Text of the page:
Anxiety in public speaking ‘butterflies in your stomach’.
Anxiety has a profound impact upon oral communication, especially when that communication takes the form of a public address. Public speakers are significantly influenced by various affective factors that greatly contribute to the quality of the oral presentation. Although
some individuals tend to experience more anxiety about public speaking than others (Scott, Yates & Wheeless. 1975; McCroskey 1976). research has shown that anxiety does indeed have significant negative effects on an individual’s oral communication. The impact of such anxiety
may reveal itself in different ways. Communication anxiety is closely associated with communication avoidance. People who experience great anxiety about public speaking naturally avoid speaking in public. Anxiety is also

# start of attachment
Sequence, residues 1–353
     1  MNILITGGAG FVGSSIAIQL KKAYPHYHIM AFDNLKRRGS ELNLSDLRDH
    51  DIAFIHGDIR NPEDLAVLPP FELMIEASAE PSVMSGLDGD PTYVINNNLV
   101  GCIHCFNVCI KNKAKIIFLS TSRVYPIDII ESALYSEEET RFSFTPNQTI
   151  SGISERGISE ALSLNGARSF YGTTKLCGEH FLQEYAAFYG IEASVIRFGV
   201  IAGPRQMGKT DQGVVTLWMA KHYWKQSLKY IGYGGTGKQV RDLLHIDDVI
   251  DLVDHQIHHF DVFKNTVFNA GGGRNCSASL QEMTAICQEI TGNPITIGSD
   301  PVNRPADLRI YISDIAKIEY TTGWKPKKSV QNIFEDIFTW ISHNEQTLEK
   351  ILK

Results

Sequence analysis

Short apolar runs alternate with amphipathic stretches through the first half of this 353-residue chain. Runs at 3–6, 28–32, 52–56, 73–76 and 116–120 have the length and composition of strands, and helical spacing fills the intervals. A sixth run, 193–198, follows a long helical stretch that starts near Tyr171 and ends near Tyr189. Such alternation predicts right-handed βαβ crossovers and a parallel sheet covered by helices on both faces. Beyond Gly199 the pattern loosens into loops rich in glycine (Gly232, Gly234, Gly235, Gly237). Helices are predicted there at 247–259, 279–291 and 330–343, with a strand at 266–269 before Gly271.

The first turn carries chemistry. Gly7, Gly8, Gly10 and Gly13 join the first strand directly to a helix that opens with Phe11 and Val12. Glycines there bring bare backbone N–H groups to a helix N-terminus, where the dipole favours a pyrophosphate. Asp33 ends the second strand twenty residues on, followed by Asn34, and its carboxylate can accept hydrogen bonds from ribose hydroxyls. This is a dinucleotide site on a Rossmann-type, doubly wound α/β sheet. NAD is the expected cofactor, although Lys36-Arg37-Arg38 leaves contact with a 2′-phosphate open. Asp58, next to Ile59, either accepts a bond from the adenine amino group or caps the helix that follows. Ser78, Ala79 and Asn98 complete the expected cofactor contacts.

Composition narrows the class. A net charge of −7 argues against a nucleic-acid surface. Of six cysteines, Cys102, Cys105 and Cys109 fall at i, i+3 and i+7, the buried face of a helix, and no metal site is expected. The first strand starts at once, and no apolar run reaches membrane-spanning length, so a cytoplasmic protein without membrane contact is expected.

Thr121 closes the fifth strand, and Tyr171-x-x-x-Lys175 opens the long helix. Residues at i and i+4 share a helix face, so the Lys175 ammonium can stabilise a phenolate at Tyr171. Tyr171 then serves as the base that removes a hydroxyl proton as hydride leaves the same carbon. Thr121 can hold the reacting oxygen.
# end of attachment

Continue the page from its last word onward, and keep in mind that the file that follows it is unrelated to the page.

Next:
associated with language proficiency. SL researchers have long been aware that anxiety is a major obstacle to achieving oral fluency in a second language. especially if the learner lacks proficiency in the language. Language confidence, then. is a key factor contributing to anxiety in
public speaking. However, the negative effects of such anxiety upon a public speaker can be offset by
utilizing psychological strategies (e.g. positive thinking. self-confidence boosting) as well as practical ones like adequate preparation and practice. Furthermore, negative tension and stress can actually be transformed into a positive upsurge of energy that empowers a speech and gives it charisma and speaker 'presence'. This paper aims to examine the causes and effects of anxiety in public speaking and several methods by which such anxiety can be successfully overcome.
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